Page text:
THE FIRST SHIP ... A YACHT - The first recorded naval ship was when a yacht, chartered to the Governor of the Leeward Islands "to chase ye pirates", was safe in a hurricane in 1671. Warships then began to use the harbour for careening and self refits. It was not until about 50 years later that the first buildings were established on the east side of the harbour (where the yacht slipway is today).
BLACK LABOURERS - The Dockyard was used by the Royal Navy during the French wars that persisted on and off throughout the 18th century until peace was finally declared in 1815. During its heyday the labour force was 5 officers and 327 men, most of whom were enslaved African shipwrights, caulkers, sail makers and labourers.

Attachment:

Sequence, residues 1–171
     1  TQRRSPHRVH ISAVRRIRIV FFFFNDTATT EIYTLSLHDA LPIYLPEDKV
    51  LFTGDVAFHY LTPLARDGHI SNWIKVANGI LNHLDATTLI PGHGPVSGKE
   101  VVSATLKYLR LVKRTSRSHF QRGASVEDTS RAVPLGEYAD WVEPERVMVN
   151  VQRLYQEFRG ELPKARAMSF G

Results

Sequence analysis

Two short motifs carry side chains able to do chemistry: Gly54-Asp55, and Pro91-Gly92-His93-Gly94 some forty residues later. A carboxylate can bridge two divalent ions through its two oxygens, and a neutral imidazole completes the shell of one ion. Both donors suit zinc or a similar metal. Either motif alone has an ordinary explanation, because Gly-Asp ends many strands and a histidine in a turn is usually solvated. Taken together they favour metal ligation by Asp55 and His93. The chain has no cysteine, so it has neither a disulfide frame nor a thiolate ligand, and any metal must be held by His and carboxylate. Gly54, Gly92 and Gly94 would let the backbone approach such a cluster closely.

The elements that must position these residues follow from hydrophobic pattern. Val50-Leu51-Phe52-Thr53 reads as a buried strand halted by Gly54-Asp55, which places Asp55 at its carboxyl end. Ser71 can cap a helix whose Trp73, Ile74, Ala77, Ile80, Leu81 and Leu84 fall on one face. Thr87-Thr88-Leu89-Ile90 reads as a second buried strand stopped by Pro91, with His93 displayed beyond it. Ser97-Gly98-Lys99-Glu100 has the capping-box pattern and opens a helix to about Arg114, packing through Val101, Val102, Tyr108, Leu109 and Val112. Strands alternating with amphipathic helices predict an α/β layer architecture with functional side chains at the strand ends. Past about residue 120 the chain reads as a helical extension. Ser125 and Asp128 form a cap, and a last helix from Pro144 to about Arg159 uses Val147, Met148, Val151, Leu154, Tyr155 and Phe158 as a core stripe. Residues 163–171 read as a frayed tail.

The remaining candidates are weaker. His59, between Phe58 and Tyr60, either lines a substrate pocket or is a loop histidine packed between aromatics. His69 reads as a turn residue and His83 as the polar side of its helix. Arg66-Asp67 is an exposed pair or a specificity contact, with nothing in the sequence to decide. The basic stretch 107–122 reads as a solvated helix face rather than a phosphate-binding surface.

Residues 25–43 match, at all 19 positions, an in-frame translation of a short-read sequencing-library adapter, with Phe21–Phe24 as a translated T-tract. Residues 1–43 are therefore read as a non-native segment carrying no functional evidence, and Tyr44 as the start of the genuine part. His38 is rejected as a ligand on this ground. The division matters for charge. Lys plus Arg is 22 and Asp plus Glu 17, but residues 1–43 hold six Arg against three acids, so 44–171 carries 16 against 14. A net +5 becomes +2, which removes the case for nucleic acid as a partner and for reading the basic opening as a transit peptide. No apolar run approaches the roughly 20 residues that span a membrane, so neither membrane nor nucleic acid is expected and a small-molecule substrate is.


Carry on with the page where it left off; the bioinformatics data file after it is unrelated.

THE OFFICERS & SHIPS - Many famous officers visited Antigua including Admirals Rodney, Cochrane, Hood, and Nelson. The latter had been the 26 year old Captain of HMS Boreas in 1784. The Americans had recently become independent and thus a foreign nation. The Navigation Act prohibited trade with foreign countries using foreign or American ships. Nelson therefore became unpopular with Antiguans for he enforced the Navigation Act. The ships most often seen under repair in English Harbour were frigates, brig-sloops, schooners and cutters.